Sneaky Reasons Your Deck Boards Are Cracking

Is your once-prized deck becoming an eyesore? A deck, when installed and maintained properly, can be an outdoor update that adds serious value to your home. But just as easily, they can turn into something you and your neighbors secretly hate about your yard. Cracking deck boards are a common and frustrating issue for homeowners. Sure, you might blame weather or time, but often there are sneakier culprits at play. 

Understanding the root causes of why your deck boards are cracking is crucial in not only addressing current issues but also preventing future damage. This isn't just about aesthetics. Cracked boards can compromise your entire deck's safety. 

But fear not, for we've outlined the subtle yet significant reasons why your deck boards may be cracking. By uncovering these culprits and learning how to effectively address them, you can extend your deck's lifespan, and safeguard your investment. Read on to discover the sneaky reasons why your deck boards are cracking.

Moisture fluctuations

One of the biggest secret agents of deck board cracking? It's water. Wood constantly absorbs and releases moisture from the environment. This is because wood is hygroscopic, meaning its cells have a natural tendency to attract and hold water from its surroundings. On top of that, wood constantly seeks equilibrium with the environment. If the air is humid, the wood will absorb moisture until it reaches a balance point. Conversely, if the air is dry, the wood will release moisture back into the air. This cycle of expansion and contraction is normal, but drastic swings due to changing seasons can wreak havoc.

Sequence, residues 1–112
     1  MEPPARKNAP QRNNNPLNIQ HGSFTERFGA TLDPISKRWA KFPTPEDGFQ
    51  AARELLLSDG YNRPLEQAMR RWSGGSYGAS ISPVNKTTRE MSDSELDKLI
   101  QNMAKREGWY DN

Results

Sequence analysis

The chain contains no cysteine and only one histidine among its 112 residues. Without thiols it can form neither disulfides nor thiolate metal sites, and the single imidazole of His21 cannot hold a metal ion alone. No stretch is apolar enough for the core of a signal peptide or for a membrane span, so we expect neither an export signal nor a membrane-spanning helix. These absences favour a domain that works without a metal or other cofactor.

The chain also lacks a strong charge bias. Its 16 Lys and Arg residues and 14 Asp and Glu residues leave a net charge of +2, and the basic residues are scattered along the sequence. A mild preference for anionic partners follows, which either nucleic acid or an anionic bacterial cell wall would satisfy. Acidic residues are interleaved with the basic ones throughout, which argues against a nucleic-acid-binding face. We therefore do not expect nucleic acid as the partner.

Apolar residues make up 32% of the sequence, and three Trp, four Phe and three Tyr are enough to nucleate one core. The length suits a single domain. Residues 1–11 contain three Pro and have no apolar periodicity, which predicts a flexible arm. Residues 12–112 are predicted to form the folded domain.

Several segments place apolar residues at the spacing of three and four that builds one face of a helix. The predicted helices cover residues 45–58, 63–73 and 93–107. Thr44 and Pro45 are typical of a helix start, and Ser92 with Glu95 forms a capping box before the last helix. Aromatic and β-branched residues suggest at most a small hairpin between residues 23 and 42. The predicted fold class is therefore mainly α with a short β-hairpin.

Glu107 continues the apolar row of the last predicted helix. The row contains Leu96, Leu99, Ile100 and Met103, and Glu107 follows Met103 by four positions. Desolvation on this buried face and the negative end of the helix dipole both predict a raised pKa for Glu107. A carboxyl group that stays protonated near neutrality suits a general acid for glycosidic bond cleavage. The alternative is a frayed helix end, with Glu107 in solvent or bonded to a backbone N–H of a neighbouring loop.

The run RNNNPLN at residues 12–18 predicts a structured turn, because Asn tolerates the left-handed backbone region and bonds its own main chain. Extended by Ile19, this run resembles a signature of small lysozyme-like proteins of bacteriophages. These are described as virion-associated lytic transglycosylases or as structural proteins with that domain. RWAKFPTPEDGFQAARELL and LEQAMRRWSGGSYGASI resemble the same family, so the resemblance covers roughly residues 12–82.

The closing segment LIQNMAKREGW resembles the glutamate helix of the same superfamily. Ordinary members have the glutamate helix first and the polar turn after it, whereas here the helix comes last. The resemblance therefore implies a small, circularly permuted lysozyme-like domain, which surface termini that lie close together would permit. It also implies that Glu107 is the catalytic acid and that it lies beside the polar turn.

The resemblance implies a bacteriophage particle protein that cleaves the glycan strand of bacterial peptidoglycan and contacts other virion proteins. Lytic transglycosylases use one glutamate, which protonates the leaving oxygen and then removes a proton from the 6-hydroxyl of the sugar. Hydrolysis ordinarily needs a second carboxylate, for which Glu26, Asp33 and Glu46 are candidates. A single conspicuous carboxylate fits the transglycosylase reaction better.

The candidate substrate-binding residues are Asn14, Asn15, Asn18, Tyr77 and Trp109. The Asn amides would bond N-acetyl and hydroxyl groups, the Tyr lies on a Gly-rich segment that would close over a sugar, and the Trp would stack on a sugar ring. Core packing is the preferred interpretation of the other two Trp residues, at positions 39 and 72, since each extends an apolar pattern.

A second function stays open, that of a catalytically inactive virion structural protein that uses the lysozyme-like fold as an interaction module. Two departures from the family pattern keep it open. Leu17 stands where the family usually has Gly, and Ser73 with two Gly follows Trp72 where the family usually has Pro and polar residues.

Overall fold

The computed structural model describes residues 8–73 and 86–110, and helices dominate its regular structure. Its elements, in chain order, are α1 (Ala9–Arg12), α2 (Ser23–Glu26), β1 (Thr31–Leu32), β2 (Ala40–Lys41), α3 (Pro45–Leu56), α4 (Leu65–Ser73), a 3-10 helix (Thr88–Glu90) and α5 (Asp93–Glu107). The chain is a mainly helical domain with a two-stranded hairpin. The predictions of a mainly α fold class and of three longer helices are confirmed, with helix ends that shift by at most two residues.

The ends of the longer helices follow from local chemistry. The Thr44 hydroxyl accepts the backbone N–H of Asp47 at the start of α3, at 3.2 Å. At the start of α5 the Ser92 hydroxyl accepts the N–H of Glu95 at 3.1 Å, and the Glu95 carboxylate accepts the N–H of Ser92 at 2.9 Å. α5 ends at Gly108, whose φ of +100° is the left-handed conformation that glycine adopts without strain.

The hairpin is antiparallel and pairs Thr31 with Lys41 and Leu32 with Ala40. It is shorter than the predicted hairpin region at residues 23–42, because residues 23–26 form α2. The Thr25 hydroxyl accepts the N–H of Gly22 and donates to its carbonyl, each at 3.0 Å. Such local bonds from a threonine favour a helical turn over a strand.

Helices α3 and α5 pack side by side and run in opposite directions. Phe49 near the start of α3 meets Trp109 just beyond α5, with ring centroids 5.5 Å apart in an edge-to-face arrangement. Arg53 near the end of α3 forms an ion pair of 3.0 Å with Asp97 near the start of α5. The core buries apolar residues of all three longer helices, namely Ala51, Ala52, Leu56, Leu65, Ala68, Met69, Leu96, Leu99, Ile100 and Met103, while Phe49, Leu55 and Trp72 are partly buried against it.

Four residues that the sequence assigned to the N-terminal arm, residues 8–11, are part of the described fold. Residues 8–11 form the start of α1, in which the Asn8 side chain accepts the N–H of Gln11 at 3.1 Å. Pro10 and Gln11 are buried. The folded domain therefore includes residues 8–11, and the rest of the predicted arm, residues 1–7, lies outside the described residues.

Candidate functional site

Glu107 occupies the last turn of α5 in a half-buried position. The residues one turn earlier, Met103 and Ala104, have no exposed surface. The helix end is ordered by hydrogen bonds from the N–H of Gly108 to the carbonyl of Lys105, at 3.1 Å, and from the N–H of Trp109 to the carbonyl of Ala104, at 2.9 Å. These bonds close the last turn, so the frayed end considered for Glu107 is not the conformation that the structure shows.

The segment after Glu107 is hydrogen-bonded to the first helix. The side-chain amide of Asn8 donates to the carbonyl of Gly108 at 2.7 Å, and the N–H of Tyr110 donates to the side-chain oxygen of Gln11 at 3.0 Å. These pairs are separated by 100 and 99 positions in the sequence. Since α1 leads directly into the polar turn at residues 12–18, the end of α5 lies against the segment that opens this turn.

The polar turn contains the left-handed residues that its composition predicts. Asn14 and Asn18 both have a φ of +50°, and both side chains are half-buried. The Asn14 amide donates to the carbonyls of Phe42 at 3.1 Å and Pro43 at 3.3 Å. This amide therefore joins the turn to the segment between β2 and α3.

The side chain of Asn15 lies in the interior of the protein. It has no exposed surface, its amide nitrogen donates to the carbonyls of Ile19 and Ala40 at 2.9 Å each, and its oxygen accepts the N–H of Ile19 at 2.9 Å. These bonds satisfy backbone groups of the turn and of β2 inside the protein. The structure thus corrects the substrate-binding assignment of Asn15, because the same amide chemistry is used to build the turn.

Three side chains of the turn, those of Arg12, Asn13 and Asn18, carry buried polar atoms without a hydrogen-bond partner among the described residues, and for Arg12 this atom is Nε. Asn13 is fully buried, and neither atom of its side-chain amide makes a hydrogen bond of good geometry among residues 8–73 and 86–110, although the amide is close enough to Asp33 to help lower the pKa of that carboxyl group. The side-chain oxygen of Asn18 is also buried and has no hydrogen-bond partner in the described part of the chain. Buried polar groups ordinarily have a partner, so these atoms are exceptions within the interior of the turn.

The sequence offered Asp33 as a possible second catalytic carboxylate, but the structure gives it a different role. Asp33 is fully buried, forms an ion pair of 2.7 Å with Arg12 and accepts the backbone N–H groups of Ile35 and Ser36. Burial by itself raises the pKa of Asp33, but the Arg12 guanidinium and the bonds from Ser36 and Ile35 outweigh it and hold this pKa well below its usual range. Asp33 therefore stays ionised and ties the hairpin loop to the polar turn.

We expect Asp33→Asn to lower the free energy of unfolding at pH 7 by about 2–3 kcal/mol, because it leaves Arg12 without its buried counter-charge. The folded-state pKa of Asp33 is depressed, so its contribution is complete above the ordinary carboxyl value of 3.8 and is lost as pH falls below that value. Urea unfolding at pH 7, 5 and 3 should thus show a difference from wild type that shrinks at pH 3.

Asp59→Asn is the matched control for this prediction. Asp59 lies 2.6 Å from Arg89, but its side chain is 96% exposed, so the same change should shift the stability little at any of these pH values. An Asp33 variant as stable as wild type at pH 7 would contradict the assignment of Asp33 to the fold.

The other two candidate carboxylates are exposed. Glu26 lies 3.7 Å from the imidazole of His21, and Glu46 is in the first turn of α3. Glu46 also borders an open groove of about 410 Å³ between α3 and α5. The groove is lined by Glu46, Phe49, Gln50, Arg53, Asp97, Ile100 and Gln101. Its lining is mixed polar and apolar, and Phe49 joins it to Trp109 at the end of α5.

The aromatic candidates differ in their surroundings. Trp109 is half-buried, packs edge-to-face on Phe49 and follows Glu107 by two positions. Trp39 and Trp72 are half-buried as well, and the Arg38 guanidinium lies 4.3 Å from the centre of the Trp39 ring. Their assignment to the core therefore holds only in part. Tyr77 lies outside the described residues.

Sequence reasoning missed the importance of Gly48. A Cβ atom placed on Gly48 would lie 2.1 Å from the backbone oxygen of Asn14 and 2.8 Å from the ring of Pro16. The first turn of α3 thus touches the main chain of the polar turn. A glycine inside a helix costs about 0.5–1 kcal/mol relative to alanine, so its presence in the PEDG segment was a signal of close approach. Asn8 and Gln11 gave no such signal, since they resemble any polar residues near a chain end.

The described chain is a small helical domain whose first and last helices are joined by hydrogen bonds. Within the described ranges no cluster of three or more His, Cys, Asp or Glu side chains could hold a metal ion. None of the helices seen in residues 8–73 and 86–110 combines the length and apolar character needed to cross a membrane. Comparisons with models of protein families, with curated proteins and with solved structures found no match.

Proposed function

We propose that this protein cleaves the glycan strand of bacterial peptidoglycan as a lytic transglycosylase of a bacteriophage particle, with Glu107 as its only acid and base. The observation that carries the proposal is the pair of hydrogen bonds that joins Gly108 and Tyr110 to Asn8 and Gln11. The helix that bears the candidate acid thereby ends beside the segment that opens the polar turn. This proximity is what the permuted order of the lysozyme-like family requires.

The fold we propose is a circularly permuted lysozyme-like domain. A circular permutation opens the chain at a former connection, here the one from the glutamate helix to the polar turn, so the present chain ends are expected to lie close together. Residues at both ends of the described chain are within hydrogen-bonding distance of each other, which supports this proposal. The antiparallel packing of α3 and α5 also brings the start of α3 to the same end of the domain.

The good news? You're not powerless. The first thing you can do is make sure you choose a wood for your deck based on your climate. Usually, the professionals installing your deck will know best what wood species are hardy for the climate your live in. But, you can always do your own research by looking up the Janka hardness scale, which measures a wood's resistance to denting and wear. 

Another way to prevent or slow down this cycle is to waterproof or seal your deck. Neglecting to seal your deck, or failing to re-seal it when the time comes can cause your wooden deck to lose its structural integrity making it more prone to cracking. Homeowners who live in areas with dramatic seasonal changes should be especially wary of this because the fluctuation in temperature creates a moisture rollercoaster for your deck boards. 

UV radiation